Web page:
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Network and Speed Testing

IT staff and system admins can also use localhost to test the the local network without requiring an internet connection — they just need to send a request to localhost and monitor this request to ensure that the system’s software and hardware are working. Admins can also evaluate the speed of these requests to determine if optimizations should be made.

Blocking Bad Websites

Additionally, network administrators have the ability to redirect requests for known malicious websites to localhost in order to protect their networks from potential attacks. This can be achieved by modifying the computer’s hosts file, which contains a list of domain names and their corresponding IP addresses. In the past, the hosts file was responsible for converting domain names to IP addresses before the introduction of the Domain Name System (DNS). Although it is now considered outdated, hosts files can still be found on modern computers.

To prevent accidentally accessing harmful websites, administrators can add the domain of the website to the hosts file and assign it to the IP address 127.0.0.1. As a result, when the user enters the domain in their browser, they will be safely redirected to localhost instead of the actual website. There are numerous pre-made hosts files available online, eliminating the need for administrators to start from scratch.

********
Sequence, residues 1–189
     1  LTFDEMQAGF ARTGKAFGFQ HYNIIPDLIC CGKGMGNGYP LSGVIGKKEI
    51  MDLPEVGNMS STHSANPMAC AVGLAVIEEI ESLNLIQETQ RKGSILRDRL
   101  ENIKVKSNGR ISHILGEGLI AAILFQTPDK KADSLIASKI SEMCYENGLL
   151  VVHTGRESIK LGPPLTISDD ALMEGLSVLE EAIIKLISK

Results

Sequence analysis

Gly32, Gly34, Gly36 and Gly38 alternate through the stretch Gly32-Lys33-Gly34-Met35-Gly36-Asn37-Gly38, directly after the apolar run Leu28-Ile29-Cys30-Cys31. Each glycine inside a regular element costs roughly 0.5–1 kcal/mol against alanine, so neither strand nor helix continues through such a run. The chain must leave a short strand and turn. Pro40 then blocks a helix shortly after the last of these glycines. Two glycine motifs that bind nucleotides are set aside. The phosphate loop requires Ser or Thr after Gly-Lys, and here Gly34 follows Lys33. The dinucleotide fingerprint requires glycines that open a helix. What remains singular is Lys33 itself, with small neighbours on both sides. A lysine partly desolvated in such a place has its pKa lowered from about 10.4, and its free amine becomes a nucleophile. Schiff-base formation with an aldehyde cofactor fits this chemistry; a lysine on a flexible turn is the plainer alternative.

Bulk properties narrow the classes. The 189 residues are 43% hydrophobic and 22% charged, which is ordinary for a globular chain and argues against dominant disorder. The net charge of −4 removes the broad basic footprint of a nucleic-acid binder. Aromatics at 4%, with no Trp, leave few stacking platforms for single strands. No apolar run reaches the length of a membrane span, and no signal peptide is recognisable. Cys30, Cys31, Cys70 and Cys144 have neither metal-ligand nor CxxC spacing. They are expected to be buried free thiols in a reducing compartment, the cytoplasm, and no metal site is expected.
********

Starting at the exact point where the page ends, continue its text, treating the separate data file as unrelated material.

There’s no place like 127.0.0.1.

A popular saying in the tech world goes, “There’s no place like 127.0.0.1.” It’s a clever play on the phrase “There’s no place like home,” highlighting the significance of localhost as the “home” device. This joke helps us understand the importance of localhost as a safe haven for running tests without relying on the internet.

It serves as a home base, allowing you to experiment and perfect your creations before unveiling them to the world. While pinging localhost may not be a daily activity for non-IT professionals, understanding its role can simplify the testing process and remove some of the mystery surrounding it.